WHAT DOES THE UK SOUND LIKE?
What type of song will sounds from all over the UK create?
Full release of the track 24th September 2020!
Hi, I’m Paul Cheese
On May 26th 2019, I set out to discover what the UK sounds like.
I cycled almost 5000 miles – to every region of the UK to capture the sounds of people and places. In addition, I asked people to send me sounds from their lives.
The cycle took me a little longer than I had planned, but I met so many people with so many great suggestions for locations to record that more than a few detours were made:)
What an experience. It’s a cliché, but it was such a pleasure to meet so many brilliant and different people and places along the way. Thank you.
Since I’ve been back, I’ve listened to 1000s and 1000s of sounds that I recorded and orchestrated them into a piece of music - the sounds of the people, the friendliness, the sound of the elements interacting with the architecture and nature, the activities or everyday life - the sounds of people's workplaces and tools, hobbies, art and the different rhythms of different materials, the echoes bouncing off concrete, or through tunnels – all combined to create a unique reflection of The Sound of the UK, 2019.
Here are just some of the sounds used in the track…
The tempo of the middle of the TheBigRecordUK track is set by the speed of a man with a 2 piece metal walking stick recorded in Cambridge.
Rhythms on this section come from Sharons Chip shop chip scoop and bag shake in Dorset, Kingsley road sweeping in London, Toms art graffiti spray can in Bristol, a Zumba class in Kent, Rufus raking leaves in Devon, skateboarders in Suffolk and Newcastle, the slam of the Bronte sisters front door in West Yorkshire, a builder filing metal in a doorway in Hull, Max cleaning a large plant pot outside a pub in Cumbria, the rhythm of the old control levers in a train signal box at Instow/Barnstaple, the stamp in a long tunnel in Glasgow, Simian bouncing a basketball in Birkby near Huddersfield, Horses hooves on the North Yorkshire moors and Newmarket, A nail gun near Mossley, Manchester, The clack of the Tor point chain link ferry in Plymouth, the sound of the choir in Tewksbury Abbey a church choir Omagh, Northern Ireland.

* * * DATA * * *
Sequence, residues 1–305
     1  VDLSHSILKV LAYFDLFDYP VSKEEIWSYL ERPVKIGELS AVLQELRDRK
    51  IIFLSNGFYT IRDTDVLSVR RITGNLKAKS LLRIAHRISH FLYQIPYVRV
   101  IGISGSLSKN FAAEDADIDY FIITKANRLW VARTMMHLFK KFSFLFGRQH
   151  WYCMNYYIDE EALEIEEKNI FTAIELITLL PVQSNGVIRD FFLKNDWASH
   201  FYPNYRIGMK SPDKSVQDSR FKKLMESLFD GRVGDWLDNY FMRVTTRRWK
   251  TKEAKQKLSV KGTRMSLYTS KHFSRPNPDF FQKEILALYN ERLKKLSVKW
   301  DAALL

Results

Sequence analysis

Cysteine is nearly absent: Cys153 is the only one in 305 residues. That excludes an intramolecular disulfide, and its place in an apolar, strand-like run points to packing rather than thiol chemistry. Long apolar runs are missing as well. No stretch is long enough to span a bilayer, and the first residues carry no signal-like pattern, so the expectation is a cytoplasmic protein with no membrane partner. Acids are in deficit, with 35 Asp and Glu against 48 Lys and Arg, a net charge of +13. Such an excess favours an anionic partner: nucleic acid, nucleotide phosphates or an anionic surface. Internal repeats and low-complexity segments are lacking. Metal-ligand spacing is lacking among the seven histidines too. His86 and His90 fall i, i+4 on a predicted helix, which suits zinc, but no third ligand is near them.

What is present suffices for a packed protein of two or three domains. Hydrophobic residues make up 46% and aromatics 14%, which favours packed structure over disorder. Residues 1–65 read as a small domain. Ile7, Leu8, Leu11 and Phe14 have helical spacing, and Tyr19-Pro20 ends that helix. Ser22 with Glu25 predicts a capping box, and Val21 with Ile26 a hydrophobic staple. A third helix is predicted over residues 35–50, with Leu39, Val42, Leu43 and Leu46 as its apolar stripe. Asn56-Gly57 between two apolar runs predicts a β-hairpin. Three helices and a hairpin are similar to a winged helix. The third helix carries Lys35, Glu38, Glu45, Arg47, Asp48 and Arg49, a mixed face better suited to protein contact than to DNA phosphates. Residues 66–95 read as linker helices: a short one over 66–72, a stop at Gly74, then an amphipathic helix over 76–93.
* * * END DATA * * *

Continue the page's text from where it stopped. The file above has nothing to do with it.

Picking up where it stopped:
The breathing of the the shingle on Brighton seafront, the waves on steps in Rhyll, north Wales and footsteps on the North coast of Guernsey. The Buttercross Morris in the centre of Leeds.
The high instrument melody was created from sounds merging in the Kelham Island museum in Sheffield , Building site drilling in Leicester and Crawley, mowers and strimmers from Norfolk, Essex, Cumbria, Gloucester, a barbers razor in Kirkwall, Orkney and notes extracted from the layers of sound as they merge together.
The bass is made from:
A helicopter from Shropshire, The hum of the Scrabster to Orkney ferry, a diesel pumping engine from the Highlands, a recycle factory in Northumberland, the transporter bridge in Middlesborough and 12 Electric substations from across the UK, one of which was recorded underwater in Cumbria.
Here is what I did, I put my speakers in a waterproof bag, put a microphone in waterproof bag, then submerged them both underwater in a lake Bassenthwaite, I then played the sound of an electric substation back through the speakers, then I recorded the sound it made, yep, underwater)
Yep, I plunged the largest electrical substation I heard into a lake in the lake district and recorded the sound it made.